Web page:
The Hierarchical Recalibrate then Average model without log odds averaging obtained a MPE of 0.141, which is a 8 % improvement over the ULinOP. However, the Hierarchical Recalibrate then Average model with Log Odds averaging obtained a MPE of 0.110, which is a 28.2 % improvement over the ULinOP. The model performance of the hierarchical model with log odds averaging is slightly better than the non-hierarchical version. However, this difference is small (and the pair-wise comparisons shown later will not show an advantage for the hierarchical model). Therefore, this suggests that although the modeling of individual differences does not provide a substantial improvement in prediction performance.

Model comparison at the individual event level

Overall, based on the average prediction error (MPE), it appears that the Hierarchical Recalibrate then Average Log Odds model is the best performing model among all the models that we examined. However, this global measure of model prediction error ignores some important patterns at the individual event level (Broomell et al. 2011). For example, one model can achieve a low MPE relative to another model by having substantially better Brier scores on a few forecasting problems, while still doing more poorly on a majority of the problems. The pair-wise model comparison score discussed above emphasizes the latter form of model improvement because it measures the number of forecasting problems on which one model is better than another, regardless of the magnitude of the improvement.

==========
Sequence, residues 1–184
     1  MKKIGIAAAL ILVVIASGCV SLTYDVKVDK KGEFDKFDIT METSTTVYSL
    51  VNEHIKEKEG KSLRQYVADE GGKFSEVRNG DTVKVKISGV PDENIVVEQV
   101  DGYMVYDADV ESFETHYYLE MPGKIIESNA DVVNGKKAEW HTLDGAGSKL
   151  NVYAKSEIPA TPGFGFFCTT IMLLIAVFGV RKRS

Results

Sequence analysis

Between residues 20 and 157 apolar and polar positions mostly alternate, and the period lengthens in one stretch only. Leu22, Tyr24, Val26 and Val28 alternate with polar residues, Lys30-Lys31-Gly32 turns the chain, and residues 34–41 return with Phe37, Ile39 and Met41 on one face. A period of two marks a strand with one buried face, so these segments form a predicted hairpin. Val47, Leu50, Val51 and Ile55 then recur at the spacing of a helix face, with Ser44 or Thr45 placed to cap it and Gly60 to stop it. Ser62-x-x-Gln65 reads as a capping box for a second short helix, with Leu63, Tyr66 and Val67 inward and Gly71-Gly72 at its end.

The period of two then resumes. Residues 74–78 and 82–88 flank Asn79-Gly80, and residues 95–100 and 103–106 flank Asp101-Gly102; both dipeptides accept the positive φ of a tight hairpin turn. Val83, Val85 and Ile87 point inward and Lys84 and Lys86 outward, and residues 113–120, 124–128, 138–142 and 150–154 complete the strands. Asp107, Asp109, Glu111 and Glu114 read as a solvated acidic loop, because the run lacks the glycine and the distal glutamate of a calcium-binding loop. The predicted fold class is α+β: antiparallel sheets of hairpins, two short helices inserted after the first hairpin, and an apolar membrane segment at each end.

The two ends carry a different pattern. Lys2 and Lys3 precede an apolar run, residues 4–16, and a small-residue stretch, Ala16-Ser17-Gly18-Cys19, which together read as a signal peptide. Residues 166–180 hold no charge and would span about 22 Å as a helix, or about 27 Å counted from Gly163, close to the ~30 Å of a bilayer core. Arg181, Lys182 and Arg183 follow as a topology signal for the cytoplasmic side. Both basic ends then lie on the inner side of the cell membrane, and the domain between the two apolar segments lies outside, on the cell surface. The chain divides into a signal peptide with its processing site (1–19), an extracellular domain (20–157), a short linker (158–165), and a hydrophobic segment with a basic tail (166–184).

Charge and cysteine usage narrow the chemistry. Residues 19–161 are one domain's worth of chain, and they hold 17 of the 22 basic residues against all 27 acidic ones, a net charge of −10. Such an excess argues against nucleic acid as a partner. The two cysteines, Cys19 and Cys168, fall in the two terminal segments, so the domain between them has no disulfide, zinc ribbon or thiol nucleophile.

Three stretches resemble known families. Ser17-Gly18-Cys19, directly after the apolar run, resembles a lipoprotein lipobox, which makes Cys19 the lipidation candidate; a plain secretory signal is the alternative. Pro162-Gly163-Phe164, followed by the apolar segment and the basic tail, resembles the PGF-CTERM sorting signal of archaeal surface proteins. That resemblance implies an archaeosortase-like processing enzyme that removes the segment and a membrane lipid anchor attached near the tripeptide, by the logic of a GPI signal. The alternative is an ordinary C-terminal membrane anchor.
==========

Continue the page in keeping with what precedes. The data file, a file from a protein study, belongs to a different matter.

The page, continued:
Table 4 shows the pair-wise model comparison scores between six models of interest in the cross validation procedure. Each element in the table shows the number of times the model corresponding to the row fit the data better than the model corresponding to the column, and the percentages are shown in the parentheses. Because the CTALO (Recalibrate then Average Log Odds) model is the only model whose rows contains percentages that are all above 50 %, it is the best performing model in this pair-wise comparison. Importantly, the CTALO model outperforms the hierarchical extension of this model (HCTALO) in 131 out of 176 forecasting problems (74 %).

General discussion